In today’s news and commentary: a labor reporter analyzes the factors driving the recent spike in union organizing; workers increasingly pick up extra jobs to pay for gas and food; conflicting data may show early signs of a weakening labor market; restaurant industry employment lags behind pre-pandemic levels; and lagging enforcement of transit worker protections risks hampering hiring across the industry.

In a recent newsletter, Noam Scheiber described several factors behind the recent spike in union organizing. (Scheiber covers workers and labor issues for the New York Times.) He pointed to his recent profile of Jaz Brisack, a Rhodes scholar and barista who helped jump-start union organizing at Starbucks stores, as an example of “salting,” a term for people taking jobs with the purpose of organizing workers. According to Scheiber, several salts have helped organize Starbucks and Amazon facilities this year. Although salts have tended to be college-educated workers, Scheiber explains that diverse coalitions of workers, many of whom have working class backgrounds, have driven recent union organizing successes. Scheiber also argued that “historically, unionization tends to happen in spurts,” pointing to recent data showing that “[a]pplications for union elections this year are on pace to approach their highest level in a decade.” For an example of how union organizing is spreading on the ground, check out Lauren Rosenblatt’s Seattle Times article covering the early stages of a unionization campaign at a Washington state Amazon warehouse.

With prices rising faster than wages, many workers are picking up extra jobs just to pay for gas and food, the Washington Post reported yesterday. “Gas is just through the roof. Unless it’s payday, I put in all the money I have at the time, sometimes borrowing money from family and friends,” one Amazon warehouse worker told the Post. After realizing that he was not making enough money at Amazon to pay for gas at $15,75 an hour, the worker was forced to seek a second job, working two extra days a week as a janitor for $10 per hour. Although wages have increased across labor markets, they have not kept pace with inflation, which hit a 40-year high in June. “While people taking on multiple jobs is typically a sign of a healthy job market where workers have more job opportunities available, it is also a sign of increasing financial strain on Americans’ pocketbooks,” the Post explained. Since April 2020, the percentage of employed people working multiple jobs in the U.S. has increased by 20%.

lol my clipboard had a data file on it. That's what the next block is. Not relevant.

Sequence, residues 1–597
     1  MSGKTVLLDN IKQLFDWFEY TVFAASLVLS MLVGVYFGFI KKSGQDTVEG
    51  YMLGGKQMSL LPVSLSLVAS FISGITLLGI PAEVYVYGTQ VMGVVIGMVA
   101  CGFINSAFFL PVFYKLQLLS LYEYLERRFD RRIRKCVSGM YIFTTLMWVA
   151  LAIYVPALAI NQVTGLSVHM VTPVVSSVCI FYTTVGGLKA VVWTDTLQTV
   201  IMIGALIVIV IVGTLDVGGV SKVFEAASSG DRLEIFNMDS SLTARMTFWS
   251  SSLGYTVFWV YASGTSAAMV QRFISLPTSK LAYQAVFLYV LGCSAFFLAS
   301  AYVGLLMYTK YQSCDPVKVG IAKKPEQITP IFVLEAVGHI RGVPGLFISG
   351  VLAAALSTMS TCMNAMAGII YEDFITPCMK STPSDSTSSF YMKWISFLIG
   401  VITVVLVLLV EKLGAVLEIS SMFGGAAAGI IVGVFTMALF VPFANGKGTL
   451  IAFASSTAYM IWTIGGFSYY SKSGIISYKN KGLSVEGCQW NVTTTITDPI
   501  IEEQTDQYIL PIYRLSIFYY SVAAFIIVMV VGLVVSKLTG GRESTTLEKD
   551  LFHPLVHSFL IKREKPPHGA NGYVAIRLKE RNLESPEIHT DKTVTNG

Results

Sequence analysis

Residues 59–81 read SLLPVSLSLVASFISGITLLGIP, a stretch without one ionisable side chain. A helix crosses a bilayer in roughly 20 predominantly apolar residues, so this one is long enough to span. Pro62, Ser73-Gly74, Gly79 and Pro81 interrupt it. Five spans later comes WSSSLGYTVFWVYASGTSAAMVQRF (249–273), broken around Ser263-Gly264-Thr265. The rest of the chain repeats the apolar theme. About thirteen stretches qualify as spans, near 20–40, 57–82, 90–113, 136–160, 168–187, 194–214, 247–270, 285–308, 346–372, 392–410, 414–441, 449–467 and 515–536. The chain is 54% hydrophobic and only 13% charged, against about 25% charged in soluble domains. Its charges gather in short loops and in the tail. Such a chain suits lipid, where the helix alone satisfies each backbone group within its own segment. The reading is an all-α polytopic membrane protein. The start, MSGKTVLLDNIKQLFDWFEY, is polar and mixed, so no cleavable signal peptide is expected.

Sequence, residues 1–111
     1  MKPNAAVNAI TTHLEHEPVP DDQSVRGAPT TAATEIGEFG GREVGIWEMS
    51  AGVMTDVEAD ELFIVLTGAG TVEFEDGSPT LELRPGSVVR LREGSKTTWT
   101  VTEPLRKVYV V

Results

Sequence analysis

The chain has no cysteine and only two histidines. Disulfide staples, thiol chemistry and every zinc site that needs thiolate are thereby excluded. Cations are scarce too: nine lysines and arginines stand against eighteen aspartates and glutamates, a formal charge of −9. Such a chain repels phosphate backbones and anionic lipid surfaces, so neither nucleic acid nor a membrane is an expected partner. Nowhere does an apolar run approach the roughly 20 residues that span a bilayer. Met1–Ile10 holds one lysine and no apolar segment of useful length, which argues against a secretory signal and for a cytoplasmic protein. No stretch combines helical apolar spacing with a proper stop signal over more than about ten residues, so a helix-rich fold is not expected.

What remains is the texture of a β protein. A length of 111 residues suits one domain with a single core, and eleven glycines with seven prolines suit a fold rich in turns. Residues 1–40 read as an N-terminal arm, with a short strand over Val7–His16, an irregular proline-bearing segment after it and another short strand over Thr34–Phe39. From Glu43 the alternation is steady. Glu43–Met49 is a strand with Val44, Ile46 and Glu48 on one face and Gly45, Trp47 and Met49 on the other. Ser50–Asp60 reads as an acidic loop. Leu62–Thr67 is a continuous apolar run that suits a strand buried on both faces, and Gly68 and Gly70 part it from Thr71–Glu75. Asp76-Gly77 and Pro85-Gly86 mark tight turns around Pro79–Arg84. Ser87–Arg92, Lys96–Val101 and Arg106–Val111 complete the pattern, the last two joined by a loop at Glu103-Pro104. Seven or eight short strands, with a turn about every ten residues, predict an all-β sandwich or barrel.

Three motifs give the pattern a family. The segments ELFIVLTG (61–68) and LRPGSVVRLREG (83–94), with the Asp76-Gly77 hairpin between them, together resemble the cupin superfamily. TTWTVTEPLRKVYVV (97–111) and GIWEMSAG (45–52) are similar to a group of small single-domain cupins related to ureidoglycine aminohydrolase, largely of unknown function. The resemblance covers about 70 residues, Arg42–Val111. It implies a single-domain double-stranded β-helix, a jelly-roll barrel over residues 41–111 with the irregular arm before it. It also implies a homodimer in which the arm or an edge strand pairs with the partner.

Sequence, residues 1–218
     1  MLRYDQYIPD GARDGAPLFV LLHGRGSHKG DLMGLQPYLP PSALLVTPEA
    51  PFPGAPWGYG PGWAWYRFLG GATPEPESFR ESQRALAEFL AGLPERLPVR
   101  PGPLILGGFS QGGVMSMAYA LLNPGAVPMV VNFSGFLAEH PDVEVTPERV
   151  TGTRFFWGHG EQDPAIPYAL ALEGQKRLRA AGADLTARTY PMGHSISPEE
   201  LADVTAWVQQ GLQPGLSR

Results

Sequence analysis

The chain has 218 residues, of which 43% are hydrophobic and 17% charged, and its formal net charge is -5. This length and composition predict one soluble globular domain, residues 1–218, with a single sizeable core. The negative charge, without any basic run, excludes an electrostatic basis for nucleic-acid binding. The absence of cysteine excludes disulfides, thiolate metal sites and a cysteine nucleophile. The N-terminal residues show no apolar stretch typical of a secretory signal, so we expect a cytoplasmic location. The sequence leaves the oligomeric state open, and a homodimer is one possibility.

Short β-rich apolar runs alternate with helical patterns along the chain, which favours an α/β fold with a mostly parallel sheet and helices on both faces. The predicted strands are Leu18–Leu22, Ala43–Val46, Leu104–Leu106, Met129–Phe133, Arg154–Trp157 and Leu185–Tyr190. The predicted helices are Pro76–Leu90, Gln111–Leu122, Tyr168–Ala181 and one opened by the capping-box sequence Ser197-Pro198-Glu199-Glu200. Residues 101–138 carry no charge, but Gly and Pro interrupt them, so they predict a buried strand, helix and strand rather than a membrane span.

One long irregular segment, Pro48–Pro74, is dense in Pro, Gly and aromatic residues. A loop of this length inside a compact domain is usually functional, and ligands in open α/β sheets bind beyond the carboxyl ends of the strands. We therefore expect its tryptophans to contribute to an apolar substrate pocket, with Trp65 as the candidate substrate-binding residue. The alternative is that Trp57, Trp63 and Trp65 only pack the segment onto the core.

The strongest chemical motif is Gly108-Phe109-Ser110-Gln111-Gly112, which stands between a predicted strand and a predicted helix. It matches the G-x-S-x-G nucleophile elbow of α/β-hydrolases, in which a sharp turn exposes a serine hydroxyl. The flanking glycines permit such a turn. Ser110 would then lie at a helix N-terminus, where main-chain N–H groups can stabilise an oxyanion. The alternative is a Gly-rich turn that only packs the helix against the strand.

Conflicting employment data from two recent surveys is raising questions about the labor market’s overall strength, according to the Wall Street Journal. Both surveys are used by economists to calculate employment, unemployment, and other statistics in the Labor Department’s monthly jobs report. However, they are distinguished by a key methodological difference: one surveys employers, and the other surveys households. As the Journal reported, “[t]he survey of employers shows nonfarm payrolls growing by an average of 375,000 jobs a month over the past three months. The household survey shows the economy losing an average of 116,000 jobs a month during the same span.” Although the employer survey’s methodology is considered more reliable, some economists worry that the “deteriorating household data” may be an early sign of a labor market turning point.

Meanwhile, labor shortages persist in some sectors. CNBC reported that the restaurant industry is “still down 750,000 jobs—roughly 6.1% of its workforce—from pre-pandemic levels as of May, according to the National Restaurant Association.” And in full-service restaurants, staffing is down 11% from pre-pandemic levels. Employers report struggling to keep pace with rising wages in an industry that has historically been characterized by high turnover rates. According to the Bureau of Labor Statistics, accommodation and food service workers left their jobs at a rate of 5.7% in May.

Finally, according to a recent Politico article, lagging enforcement of protections for transportation workers could hamper hiring and system upgrades throughout the industry. The bipartisan infrastructure bill that Congress passed in November contained provisions aimed at improving transit workplace safety in response to pandemic-era spikes in violence against workers. However, these provisions have yet to be enforced by the Federal Transit Administration. “As bus drivers, subway operators, maintenance workers and others face a growing risk of attacks,” Politico wrote, “economists warn that the delay could hamstring recruitment and retention of transit workers, rendering the infrastructure bill’s $39 billion in new public transit funding less effective.”